Frontiers in Cardiovascular Drug Discovery

Volume: 4

Immunosuppressive Drugs in Heart Transplantation

Author(s): Sule Apikoglu-Rabus, Murat B. Rabus and Rashida Muhammad Umar

Pp: 83-147 (65)

DOI: 10.2174/9781681083995119040006

* (Excluding Mailing and Handling)


Congestive heart failure affects 23 million people worldwide [1]. Cardiac transplantation provides a lifesaving treatment for patients with end-stage heart disease. It offers a longer life with a higher quality to those who have no other treatment alternative. Although cardiac transplantation offers a relief from heart immunosuppression. The goal of immunosuppression immediately following surgery is to prevent hyperacute and acute rejections. Transplantation immunosuppression must be balanced in order to prevent rejection while minimizing the serious adverse effects of therapy including life-threatening infections and malignancies. Immunosuppressive regimens are classified as induction, maintenance, or anti-rejection regimens. Induction regimens consist of intense early post-operative immunosuppression while maintenance regimens are used indefinitely for prevention of acute and chronic rejection. This chapter will review the induction and maintenance immunosuppressive regimens used in heart transplantation with summaries of selected literature as well as the most common complications of these therapies and significant drug-drug interactions.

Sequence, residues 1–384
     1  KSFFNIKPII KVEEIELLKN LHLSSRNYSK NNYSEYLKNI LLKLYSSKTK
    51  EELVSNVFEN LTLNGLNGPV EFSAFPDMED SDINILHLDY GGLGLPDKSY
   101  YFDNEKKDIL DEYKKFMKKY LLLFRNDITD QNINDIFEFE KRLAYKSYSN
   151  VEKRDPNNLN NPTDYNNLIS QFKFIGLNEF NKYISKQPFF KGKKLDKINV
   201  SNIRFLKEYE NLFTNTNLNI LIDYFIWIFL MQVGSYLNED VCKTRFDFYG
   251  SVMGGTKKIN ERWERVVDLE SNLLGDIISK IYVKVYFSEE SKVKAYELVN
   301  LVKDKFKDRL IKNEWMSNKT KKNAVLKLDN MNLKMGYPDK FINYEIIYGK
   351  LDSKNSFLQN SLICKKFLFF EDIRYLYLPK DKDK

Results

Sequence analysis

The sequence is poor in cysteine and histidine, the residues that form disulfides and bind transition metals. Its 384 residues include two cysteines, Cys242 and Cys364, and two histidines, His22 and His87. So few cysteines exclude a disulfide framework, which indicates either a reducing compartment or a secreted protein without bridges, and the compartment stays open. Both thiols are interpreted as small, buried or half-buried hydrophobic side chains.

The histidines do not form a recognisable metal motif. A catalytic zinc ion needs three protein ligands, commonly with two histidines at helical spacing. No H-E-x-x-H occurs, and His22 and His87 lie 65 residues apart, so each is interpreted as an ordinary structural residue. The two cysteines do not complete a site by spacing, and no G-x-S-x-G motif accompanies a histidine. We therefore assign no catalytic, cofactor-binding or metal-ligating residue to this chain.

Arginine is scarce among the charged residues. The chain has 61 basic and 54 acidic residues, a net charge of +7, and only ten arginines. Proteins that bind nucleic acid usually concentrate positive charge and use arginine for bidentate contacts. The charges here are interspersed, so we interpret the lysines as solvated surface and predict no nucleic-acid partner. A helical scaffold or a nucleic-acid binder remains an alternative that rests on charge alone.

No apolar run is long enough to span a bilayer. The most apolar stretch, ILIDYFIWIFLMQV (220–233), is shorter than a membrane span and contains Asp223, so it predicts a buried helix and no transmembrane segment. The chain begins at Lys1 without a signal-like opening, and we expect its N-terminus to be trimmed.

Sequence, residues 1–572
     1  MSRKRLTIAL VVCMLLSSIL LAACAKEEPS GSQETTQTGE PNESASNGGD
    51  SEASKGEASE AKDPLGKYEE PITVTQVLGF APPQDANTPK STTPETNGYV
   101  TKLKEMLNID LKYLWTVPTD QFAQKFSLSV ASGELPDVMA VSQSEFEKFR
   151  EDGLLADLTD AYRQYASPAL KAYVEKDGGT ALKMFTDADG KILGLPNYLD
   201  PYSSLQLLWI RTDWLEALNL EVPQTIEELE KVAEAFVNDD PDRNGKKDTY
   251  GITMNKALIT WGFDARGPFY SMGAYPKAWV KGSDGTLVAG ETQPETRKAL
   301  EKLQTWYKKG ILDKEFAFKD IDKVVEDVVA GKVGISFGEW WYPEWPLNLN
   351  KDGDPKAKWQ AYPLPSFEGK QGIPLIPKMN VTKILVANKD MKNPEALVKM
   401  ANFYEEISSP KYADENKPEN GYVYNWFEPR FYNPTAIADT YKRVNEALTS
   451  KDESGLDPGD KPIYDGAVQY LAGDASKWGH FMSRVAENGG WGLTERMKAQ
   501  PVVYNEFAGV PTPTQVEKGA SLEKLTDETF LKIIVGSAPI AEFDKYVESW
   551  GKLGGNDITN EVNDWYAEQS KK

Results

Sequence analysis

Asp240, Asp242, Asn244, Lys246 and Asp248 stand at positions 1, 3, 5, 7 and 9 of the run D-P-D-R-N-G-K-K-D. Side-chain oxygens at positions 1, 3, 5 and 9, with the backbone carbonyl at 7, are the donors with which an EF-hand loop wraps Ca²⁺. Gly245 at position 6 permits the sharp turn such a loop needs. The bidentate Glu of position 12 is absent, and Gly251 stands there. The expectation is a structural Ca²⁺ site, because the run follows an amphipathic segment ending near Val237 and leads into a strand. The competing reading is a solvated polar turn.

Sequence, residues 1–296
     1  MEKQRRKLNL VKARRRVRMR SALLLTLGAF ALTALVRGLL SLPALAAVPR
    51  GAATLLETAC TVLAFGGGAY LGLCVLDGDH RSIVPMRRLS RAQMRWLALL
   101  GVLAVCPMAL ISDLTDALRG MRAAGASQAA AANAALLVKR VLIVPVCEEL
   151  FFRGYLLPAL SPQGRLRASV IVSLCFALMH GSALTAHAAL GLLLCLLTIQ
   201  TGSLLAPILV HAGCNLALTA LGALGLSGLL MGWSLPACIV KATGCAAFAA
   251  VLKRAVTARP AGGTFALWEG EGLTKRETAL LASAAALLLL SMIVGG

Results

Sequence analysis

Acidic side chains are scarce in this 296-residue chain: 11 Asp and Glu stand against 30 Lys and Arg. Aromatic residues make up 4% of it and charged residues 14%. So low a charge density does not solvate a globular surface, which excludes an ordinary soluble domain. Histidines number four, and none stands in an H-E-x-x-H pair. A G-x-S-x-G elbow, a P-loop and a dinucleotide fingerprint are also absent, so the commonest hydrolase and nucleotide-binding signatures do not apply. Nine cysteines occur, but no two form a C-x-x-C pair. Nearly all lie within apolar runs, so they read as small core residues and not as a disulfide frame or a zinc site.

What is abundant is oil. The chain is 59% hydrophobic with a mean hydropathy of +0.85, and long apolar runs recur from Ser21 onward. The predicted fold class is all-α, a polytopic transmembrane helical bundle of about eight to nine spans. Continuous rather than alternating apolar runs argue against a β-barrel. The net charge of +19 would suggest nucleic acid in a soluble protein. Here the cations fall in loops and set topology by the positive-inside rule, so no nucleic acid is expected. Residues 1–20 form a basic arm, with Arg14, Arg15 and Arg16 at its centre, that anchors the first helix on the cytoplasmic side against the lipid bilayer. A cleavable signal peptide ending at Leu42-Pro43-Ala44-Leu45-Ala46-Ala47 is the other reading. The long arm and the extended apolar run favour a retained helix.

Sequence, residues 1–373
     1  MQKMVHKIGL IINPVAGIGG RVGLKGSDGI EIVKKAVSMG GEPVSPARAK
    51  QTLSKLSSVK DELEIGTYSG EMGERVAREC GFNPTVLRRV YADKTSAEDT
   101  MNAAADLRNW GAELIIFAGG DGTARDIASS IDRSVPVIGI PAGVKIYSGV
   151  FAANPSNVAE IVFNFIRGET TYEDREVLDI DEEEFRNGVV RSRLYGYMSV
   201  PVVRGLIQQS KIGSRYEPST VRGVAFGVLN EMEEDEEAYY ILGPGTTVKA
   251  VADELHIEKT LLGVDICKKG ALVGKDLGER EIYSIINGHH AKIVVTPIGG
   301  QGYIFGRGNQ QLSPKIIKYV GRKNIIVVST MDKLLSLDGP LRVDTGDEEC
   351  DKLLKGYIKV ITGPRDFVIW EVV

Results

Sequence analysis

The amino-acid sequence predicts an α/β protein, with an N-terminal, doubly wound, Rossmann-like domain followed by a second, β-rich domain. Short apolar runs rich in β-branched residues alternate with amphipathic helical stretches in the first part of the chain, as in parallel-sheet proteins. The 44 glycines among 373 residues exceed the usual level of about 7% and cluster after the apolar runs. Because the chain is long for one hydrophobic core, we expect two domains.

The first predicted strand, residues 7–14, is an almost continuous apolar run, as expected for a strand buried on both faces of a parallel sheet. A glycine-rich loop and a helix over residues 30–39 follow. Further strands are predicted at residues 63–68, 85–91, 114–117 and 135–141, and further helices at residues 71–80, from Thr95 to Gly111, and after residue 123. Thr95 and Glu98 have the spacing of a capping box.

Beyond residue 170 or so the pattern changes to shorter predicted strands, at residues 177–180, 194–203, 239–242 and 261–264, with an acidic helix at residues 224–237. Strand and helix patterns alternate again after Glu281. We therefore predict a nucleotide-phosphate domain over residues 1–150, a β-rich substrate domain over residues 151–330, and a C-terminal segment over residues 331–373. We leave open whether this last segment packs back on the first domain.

Keywords: Heart transplantation, Immunosuppression, Interactions, Pharmacotherapy.

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